Three Times is a Hou Hsiao masterpiece. A rapturous and beautiful love story set in three different eras, a pool hall in 1966, a 1911 brothel and present day Taipei. Stylistic and true to life of the times, Hou Hsiao Hsi... more »en brings to life the culture of each period as the tale unfolds. Critically acclaimed for its wisdom, cineamatic style and storytelling it is a must see for any true lover of cinema« less
"Whenever someone says a film is "a critic's movie," the charge is tantamount to the admission: "I don't care to 'think'. In fact, I'm so emotionally walled-off -- possibly as a result of exposure to our diseased American popular culture suffocating the global semiosphere 24-7 -- that I refuse to budge that single instant which might allow myself to open up to the possibilities outside of the so-called 'way movies should be', and what all the clip-packages and trailers announce I should expect and join in lauding." Would these same folks (who wear their ignorance like sham folksy wisdom, or the crust of an ersatz salt-of-the-earth set of mores) begrudge a painting for not telling a story, -- insofar as it's at odds with "'mere' illustrations"?
Hou's latest film is a masterpiece, something like his seventh consecutive one. It's a triptych of stories (which is to say, of situations, the small moments of love in blossom and struggling against circumstance -- which is all to say: of lives lived) that relates the poignance, quietude, and soul in great love's first 20-something pop. As always, Hou sets his own pace, hypnotic, charged and adrift, and shaded with a nuance that telegraphs its meaning via the mise en scène [ie, staging in the frame space] perhaps moreso than through any dialogue spoken. Here's the same couple, more or less (handsome and sly Chang Chen; Shu Qi, beaming, detached, and opiate-cool, her beauty exploding off the screen), loving each other three different times in different moments in time -- in the 1960s, 1920s, 2000s. This IS cinema mastery, you'll see it when you see it -- but not even to ALLOW oneself to respond on a visceral, never mind intellectual, level to these stories (yes, they're no less stories than those of Annie Proulx) is surely some willful abdication of humanity. In short, 'Three Times' is the languid, slow-boil romance to Wong Kar-wai's feverish romance. Yes, "romance" high and true -- that gesture Hollywood abandoned somewhere along the Gulf+Western pipeline.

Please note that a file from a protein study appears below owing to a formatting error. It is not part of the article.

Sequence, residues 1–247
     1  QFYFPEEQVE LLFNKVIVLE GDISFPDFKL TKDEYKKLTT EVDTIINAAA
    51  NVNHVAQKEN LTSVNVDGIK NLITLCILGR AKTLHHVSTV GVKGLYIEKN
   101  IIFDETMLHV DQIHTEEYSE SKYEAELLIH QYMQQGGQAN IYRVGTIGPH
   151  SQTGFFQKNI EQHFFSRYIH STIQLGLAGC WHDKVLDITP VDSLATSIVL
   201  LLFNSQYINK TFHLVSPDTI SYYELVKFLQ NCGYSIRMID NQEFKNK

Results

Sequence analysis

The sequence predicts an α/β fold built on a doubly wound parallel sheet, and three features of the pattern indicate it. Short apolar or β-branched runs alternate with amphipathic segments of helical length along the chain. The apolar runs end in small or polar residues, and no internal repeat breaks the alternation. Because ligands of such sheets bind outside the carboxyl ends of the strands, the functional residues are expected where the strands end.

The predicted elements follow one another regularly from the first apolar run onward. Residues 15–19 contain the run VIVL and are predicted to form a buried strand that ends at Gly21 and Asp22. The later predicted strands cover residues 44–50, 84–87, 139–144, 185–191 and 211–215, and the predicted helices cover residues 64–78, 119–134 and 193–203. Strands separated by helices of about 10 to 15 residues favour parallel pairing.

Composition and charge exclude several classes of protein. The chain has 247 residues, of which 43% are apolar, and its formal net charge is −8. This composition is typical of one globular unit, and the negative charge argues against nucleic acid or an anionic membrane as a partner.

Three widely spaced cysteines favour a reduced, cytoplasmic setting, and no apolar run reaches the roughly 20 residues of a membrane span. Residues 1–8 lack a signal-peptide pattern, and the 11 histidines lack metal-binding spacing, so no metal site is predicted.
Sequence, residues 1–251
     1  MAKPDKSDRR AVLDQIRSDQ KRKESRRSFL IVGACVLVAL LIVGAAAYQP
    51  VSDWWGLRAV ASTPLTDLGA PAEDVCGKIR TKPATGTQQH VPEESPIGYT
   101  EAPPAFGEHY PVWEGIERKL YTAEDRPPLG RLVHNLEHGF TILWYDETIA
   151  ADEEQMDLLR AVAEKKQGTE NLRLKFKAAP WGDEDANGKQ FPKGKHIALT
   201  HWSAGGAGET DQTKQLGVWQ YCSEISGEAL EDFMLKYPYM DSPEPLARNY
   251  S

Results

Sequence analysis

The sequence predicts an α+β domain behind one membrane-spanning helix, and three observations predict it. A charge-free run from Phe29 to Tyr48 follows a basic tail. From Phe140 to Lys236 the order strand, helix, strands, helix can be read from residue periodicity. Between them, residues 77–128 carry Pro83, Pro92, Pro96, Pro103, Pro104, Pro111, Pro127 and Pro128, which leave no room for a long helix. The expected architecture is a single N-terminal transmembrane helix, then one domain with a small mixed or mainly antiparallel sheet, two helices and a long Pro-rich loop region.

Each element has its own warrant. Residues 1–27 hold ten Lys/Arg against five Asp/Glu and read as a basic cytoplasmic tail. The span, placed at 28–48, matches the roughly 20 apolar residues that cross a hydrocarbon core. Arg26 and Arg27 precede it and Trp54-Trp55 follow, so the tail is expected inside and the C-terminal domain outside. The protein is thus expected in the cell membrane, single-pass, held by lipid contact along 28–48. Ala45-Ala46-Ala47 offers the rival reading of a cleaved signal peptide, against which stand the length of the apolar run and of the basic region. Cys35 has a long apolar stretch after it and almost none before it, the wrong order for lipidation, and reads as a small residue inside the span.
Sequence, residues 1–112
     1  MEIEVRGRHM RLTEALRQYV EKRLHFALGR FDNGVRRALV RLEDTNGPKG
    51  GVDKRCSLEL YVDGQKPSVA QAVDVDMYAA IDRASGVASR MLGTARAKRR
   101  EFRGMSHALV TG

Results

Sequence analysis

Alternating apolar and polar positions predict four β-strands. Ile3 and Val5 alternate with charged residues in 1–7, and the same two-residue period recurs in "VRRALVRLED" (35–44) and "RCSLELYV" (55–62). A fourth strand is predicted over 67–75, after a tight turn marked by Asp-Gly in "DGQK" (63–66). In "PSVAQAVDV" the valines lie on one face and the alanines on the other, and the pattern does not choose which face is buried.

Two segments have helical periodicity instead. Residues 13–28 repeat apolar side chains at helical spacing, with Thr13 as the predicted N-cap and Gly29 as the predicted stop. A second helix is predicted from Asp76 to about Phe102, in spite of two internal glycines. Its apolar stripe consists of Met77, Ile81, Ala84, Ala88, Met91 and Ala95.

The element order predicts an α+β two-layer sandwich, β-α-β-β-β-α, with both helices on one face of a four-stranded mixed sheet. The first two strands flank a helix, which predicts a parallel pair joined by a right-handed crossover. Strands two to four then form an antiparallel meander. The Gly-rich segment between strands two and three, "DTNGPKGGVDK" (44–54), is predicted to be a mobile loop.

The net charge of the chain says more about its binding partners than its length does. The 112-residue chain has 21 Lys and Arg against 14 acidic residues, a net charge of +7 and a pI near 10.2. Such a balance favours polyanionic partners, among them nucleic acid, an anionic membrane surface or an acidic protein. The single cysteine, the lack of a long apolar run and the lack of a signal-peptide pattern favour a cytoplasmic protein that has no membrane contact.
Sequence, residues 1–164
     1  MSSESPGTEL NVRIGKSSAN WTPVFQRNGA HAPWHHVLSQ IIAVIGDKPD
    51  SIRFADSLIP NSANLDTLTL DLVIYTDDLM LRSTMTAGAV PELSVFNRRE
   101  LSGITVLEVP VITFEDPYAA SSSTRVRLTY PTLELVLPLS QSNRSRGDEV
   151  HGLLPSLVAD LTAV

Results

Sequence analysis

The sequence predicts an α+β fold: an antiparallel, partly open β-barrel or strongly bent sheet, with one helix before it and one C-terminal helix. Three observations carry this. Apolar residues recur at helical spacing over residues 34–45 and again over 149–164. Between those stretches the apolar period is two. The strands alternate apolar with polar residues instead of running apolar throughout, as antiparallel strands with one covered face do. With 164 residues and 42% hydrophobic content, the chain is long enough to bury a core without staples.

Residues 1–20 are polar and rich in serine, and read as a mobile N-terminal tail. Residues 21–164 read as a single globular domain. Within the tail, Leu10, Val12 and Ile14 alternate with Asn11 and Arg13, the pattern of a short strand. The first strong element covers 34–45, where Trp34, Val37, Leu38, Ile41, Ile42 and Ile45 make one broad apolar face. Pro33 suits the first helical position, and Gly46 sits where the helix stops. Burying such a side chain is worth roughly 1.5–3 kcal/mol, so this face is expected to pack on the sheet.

A magnificent introduction to Hou Hsiao-hsien's films. Work your way backward from here -- 'Café Lumière,' 'Millennium Mambo,' 'Flowers of Shanghai,' 'Goodbye South, Goodbye,' 'Good Men, Good Women,' then skip the DVD of 'The Puppetmaster' because it's likely botched, lament the absence on DVD of 'City of Sadness' and 'Daughter of the Nile,' and finally move on to the four-film boxset from Taiwan (English subtitles included) of his first four features: 'The Boys from Fengkuei: All the Youthful Days'; 'A Summer at Grandpa's'; 'The Time to Live and the Time to Die' (supreme masterpiece); and 'Dust in the Wind' (masterpiece). This is one of the world's greatest living filmmakers -- and one of the greatest in the history of movies."
John Farr | 07/30/2007
(5 out of 5 stars)
"The brilliance of Hou's magnificently gorgeous meditation on love and longing, of course, is the conceit of using the same two actors in each sequence. And you couldn't ask for better performers than Chang and Shu, who are captivating regardless of the age they're portraying, particularly in the nostalgic, near-wordless "A Time for Love" segment, steeped in a sultry `60s atmosphere. Hou's other brilliant stroke is to make the next part, which unfolds in a brothel during the Japanese occupation of Taiwan, a short silent film, with hypnotic music and title cards. Taken as a whole, "Three Times" is nothing short of a rapturous, romantic masterpiece--in triplicate."